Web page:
by Gen. Bernard Norlain and Marc Finaud *
The official nuclear doctrine of France is meant to be clear and simple: nuclear deterrence is designed to protect France’s “vital interests”. Its latest formulation was presented by President Emmanuel Macron in February 2020 as follows:
“Should the leader of any State underestimate France’s deep-rooted attachment to its freedom and consider threatening our vital interests, whatever they may be, that leader must realize that our nuclear forces are capable of inflicting absolutely unacceptable damages upon that State’s centres of power: its political, economic and military nerve centres.”
This formulation, despite its deliberate ambiguities, particularly about the definition of “vital interests”, clearly implies that France is ready to use its nuclear weapons in case of a threat to such interests which may take the form of a conventional, chemical, biological, or cyber attack and not necessarily an attack with nuclear weapons. This statement needs to be read in conjunction with a previous declaration by President François Hollande in 2015 according to which:
“France will not use nuclear weapons against states not armed with them that are [party to] the [Non-Proliferation Treaty] (NPT) and that respect their international obligations for non-proliferation of weapons of mass destruction.”
In other words, France could use nuclear weapons against non-nuclear weapon states party to the NPT in case France decided that they were in non-compliance with the NPT, the Comprehensive Test Ban Treaty, the Biological Weapons Convention, and/or the Chemical Weapons Convention. What is unclear is whether the other condition would apply: a threat to France’s vital interests.
This ambiguity is the reason why the French government has consistently been opposed to the policy of no-first use that would restrict the possible use of nuclear weapons to response to a nuclear attack. When the French doctrine was developed in the 1960s, the purpose of the French nuclear forces was to deter a major conventional, chemical, or biological attack by the then main potential aggressor, the Soviet Union, that, along with the Warsaw Pact, did enjoy massive superiority. Maintaining such a doctrine does not make sense after the collapse of the Soviet Union, the disappearance of the Warsaw Pact, the colossal elimination of conventional weapons thanks to the CFE Treaty, the quasi-universality of the Biological and Chemical Weapons Conventions, and the current unmatched conventional superiority of NATO. Only a nuclear attack could indeed seriously threaten the country’s vital interests in destroying its population and infrastructure.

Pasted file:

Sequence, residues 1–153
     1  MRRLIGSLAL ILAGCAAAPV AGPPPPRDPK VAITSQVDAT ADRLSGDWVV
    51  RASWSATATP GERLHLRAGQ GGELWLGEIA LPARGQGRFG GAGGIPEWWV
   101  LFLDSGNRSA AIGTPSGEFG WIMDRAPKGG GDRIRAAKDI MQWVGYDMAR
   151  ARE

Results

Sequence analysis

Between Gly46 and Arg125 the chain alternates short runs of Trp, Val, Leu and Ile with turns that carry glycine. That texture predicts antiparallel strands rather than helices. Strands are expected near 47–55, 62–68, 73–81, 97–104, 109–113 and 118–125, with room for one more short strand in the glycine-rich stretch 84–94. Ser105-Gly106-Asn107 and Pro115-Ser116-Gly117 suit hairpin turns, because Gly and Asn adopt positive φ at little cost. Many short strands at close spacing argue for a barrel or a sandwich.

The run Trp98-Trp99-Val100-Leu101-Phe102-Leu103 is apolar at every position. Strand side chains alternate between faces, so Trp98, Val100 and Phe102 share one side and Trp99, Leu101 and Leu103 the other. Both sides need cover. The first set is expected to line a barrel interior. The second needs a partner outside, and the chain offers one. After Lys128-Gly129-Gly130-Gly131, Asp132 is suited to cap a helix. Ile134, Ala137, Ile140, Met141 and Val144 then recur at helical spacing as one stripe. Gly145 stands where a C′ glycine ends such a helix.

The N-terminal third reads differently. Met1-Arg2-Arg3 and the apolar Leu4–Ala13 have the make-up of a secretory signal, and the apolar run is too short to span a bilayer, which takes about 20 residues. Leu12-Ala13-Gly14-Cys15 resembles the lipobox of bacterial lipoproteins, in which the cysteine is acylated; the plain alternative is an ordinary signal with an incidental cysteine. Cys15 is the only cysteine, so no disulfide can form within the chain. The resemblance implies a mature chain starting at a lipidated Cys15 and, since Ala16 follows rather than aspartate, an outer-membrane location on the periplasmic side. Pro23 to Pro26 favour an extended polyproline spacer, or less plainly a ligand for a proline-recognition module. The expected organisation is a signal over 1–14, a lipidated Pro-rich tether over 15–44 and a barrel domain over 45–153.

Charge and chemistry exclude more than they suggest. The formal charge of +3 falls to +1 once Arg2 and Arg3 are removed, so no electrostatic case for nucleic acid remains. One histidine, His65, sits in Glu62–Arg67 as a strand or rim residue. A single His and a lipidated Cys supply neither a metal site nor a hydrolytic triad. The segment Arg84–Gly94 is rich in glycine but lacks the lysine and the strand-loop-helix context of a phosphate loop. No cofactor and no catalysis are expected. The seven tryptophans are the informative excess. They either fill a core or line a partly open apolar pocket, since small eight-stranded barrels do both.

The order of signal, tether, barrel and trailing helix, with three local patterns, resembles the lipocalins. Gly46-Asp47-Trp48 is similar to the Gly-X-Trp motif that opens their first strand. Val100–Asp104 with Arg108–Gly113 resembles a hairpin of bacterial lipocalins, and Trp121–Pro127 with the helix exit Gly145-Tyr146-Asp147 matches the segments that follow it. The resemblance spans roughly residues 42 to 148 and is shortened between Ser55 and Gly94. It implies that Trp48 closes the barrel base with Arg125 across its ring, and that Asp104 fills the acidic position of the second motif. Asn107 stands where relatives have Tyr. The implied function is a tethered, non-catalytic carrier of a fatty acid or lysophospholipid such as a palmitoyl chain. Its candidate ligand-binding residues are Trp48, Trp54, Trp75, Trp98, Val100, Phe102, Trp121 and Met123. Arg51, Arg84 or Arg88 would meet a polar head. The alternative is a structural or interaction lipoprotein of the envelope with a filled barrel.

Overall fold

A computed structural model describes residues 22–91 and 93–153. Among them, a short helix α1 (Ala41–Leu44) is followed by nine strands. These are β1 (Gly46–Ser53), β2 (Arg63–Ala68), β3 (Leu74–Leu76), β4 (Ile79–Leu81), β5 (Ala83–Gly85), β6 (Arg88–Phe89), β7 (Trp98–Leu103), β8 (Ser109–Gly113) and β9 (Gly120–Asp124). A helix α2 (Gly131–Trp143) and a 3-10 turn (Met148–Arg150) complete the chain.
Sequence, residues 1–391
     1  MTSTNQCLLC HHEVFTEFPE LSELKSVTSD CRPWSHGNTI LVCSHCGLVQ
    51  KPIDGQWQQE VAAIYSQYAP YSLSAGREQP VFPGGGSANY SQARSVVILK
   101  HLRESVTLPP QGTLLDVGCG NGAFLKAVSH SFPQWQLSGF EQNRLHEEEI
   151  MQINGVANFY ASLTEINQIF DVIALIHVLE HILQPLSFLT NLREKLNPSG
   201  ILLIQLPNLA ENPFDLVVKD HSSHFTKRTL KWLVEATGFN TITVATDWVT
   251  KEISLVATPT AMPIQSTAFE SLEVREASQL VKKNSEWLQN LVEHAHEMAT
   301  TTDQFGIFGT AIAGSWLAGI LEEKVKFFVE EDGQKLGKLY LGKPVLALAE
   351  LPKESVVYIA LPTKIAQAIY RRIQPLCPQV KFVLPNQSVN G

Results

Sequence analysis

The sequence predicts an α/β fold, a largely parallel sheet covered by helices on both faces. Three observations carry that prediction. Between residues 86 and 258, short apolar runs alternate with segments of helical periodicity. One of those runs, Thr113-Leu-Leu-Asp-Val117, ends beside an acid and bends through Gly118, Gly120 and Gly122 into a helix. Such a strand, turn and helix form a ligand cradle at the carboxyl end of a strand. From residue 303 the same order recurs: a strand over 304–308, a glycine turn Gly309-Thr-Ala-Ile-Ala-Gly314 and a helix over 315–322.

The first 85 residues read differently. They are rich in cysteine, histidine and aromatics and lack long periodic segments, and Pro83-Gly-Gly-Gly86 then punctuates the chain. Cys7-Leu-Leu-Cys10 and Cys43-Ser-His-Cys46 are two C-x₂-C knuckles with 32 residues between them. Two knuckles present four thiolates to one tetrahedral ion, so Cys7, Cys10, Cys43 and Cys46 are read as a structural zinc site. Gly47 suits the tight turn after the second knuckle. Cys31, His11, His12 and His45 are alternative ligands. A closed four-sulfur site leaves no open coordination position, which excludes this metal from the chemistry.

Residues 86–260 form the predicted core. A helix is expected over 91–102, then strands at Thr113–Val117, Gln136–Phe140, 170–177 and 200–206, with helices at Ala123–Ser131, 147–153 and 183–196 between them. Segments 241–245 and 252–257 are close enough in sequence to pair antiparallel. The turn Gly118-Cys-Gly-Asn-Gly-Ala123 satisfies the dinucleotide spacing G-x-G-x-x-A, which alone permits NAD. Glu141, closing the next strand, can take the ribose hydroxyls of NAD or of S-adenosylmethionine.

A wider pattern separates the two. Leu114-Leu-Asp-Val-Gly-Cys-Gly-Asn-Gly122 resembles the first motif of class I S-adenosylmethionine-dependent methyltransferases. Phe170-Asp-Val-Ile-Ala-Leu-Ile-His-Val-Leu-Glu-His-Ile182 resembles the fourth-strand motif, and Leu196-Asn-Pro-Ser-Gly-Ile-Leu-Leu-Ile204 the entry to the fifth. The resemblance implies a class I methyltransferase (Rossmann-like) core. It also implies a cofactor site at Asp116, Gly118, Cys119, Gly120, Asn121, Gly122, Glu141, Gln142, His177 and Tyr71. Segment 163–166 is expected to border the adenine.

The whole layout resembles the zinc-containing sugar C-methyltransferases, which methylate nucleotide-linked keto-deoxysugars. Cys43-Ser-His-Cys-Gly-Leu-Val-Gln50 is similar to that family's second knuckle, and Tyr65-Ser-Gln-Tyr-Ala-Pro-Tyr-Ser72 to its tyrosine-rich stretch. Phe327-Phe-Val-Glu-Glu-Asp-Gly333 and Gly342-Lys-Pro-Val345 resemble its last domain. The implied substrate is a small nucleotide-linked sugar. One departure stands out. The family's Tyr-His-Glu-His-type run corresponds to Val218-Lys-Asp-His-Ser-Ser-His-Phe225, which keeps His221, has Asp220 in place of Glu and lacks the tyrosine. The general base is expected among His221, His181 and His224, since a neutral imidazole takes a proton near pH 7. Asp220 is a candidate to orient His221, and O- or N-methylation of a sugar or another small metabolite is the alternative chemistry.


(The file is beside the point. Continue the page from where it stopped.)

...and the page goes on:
What the French supporters of nuclear deterrence fear the most from a no-first use policy is the considerable reduction of the role and value of nuclear weapons that would result from it. Indeed, if all nuclear-armed states agreed to that policy, they would have less reasons for clinging to their nuclear arsenals, let alone modernizing or expanding them for decades. This fear is obviously shared by the military-industrial complex that is thriving under a policy of first use of nuclear weapons because it realizes that a no-first use policy would not just be declaratory but would entail the elimination of those categories of nuclear weapons that lend themselves most to a first strike (intercontinental ballistic missiles, tactical or low-yield weapons, hypersonic missiles, etc.).
The proponents of nuclear deterrence now finally recognize that the risk of use of nuclear weapons has increased in recent years and they pledge to reduce such risks, as the five NPT Nuclear-Weapon States stated in their 4 January 2022 declaration. This admission and the reaffirmation that “a nuclear weapon cannot be won and must never be fought” are welcome. However, one can only wonder how those states, four of which (apart from China) still maintain the option of first nuclear strikes, expect to reduce the risk of use of nuclear weapons effectively.
As the United Nations Secretary-General recently recalled in response to the Nuclear-Weapon States’ declaration, “the only way to eliminate all nuclear risks is to eliminate all nuclear weapons.” This truth must be repeated over and over. But before we reach this goal of a nuclear-weapon free world, the urgent priority is to prevent any use of nuclear weapons. And adopting a global no-first use policy would move the world away from the brink of catastrophe.
* Gen. Bernard Norlain is the President of ‘Initiatives pour le Désarmement nucléaire’ (IDN)
Marc Finaud is Vice President of ‘Initiatives pour le Désarmement nucléaire’ (IDN)
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